Today’s Port-Royal features a replica of the famous fort, an impressive wooden bastion reworked from old plans in 1939 and now run as a National Historic Site by Parks Canada with costumed guides dispensing historical anecdotes. The original structure was burnt down by an English raiding party from Virginia in 1613, igniting a bitter Anglo-French feud that endured for 150 years. During that time, a succession of European settlements sprang up on the present-day site of Annapolis Royal, eight kilometres upriver from the ruins of Port-Royal.

The first was a short-lived Scottish colony called Charles Fort that was founded in 1629 by William Alexander, a courtier of King James I, on the site of present-day Fort Anne. Although nothing physical remains of the redoubt, I found its presence memorialized with a plaque on the fort grounds and a small museum in the officer’s barracks. While the colony lasted only three years before being ceded back to France, the Scots gave Nova Scotia its name, flag, and coat of arms.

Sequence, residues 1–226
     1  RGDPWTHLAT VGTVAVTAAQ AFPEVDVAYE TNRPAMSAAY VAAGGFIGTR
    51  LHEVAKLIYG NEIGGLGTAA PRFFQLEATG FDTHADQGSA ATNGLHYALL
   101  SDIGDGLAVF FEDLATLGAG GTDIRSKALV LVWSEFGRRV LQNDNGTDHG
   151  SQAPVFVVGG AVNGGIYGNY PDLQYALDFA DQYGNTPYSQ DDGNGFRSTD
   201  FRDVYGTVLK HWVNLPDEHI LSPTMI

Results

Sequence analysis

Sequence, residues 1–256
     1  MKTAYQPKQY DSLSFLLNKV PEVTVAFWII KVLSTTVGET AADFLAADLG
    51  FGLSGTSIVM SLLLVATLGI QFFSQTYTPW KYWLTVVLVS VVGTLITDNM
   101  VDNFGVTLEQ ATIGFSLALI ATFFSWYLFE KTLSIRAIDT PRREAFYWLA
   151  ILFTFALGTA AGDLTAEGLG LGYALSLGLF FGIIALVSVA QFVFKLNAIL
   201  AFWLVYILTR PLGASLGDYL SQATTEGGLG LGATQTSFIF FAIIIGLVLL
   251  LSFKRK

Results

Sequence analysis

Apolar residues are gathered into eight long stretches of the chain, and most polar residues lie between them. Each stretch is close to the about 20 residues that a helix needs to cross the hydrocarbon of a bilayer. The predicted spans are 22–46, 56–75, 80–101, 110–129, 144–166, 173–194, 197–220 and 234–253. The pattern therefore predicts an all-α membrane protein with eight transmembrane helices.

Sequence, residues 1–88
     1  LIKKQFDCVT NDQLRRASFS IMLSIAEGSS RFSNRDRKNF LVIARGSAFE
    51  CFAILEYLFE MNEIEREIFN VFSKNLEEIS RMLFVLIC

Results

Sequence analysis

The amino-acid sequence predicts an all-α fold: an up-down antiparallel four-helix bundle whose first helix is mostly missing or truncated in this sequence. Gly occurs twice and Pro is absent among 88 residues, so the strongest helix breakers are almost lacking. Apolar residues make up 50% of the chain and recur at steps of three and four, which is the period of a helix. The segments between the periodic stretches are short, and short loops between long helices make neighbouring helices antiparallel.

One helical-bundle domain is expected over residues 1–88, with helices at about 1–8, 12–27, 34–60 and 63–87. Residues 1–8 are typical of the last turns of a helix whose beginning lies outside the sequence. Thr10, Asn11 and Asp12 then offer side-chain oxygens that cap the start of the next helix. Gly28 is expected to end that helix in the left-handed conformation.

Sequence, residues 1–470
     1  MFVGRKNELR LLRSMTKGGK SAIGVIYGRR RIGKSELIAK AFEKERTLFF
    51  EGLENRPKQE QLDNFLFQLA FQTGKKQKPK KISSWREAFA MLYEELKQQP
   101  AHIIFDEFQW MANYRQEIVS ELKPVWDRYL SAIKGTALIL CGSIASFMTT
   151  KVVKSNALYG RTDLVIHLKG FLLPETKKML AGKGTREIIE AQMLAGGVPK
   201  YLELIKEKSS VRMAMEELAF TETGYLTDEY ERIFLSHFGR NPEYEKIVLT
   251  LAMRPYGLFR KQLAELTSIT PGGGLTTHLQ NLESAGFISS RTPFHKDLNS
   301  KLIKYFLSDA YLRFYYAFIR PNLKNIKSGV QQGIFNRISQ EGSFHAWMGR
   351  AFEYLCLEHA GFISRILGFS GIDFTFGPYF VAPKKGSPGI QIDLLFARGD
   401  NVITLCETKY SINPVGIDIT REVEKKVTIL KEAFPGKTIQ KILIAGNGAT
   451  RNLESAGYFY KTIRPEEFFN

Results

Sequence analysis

The French returned in 1635, and they re-founded Port-Royal on the site of the Scottish fort. For the next seventy-five years it was the capital of the French colony of Acadia and suffered regular British attacks. Allied with the Mi’kmaq, the Acadians fought off at least a half dozen incursions.

The town fell to British invaders in 1710, and its name was promptly changed to Annapolis Royal in honour of then British monarch Queen Anne. The takeover marked a crucial turning point in the colonial history of North America. Thereafter, the balance of power shifted from the French to the British, although the colonial animosity continued with the French laying siege to Annapolis Royal four times between 1744 and 1746.